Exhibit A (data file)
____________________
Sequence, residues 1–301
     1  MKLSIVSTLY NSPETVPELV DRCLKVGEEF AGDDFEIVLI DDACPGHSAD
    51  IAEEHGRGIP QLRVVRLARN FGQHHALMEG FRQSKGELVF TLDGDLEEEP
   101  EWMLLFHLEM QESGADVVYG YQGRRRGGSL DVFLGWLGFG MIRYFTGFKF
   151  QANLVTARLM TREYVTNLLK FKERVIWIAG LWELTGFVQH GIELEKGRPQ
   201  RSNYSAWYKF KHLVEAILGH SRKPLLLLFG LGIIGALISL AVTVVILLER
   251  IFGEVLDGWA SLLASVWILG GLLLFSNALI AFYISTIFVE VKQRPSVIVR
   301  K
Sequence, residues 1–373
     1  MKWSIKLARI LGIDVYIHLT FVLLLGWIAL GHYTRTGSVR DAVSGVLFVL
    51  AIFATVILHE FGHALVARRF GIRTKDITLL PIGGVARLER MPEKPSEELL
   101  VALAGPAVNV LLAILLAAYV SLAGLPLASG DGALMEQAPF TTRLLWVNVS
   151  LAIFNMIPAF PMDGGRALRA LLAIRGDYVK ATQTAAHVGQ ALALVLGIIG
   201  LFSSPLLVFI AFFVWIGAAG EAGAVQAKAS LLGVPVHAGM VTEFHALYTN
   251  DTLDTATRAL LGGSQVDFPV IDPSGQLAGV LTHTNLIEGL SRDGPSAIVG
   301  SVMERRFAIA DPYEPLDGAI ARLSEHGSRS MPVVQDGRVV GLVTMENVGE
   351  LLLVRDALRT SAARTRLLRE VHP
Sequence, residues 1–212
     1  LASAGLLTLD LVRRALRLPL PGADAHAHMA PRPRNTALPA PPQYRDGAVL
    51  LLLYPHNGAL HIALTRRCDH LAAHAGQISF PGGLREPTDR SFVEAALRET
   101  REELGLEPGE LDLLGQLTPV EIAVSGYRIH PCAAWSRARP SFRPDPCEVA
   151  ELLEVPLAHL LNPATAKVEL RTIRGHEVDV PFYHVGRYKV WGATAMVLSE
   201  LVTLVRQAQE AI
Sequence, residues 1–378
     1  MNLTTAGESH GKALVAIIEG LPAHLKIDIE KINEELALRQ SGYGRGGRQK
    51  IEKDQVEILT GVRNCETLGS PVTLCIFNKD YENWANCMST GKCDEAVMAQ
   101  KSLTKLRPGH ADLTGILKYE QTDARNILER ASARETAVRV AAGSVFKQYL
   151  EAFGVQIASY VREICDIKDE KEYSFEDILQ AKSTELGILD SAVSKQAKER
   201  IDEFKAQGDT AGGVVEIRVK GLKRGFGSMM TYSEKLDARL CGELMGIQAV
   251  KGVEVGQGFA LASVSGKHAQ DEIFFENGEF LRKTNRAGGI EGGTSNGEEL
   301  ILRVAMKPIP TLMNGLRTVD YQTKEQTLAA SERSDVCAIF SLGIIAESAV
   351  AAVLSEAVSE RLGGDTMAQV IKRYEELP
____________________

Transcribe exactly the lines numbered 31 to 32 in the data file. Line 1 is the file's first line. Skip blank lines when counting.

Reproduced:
   301  ILRVAMKPIP TLMNGLRTVD YQTKEQTLAA SERSDVCAIF SLGIIAESAV
   351  AAVLSEAVSE RLGGDTMAQV IKRYEELP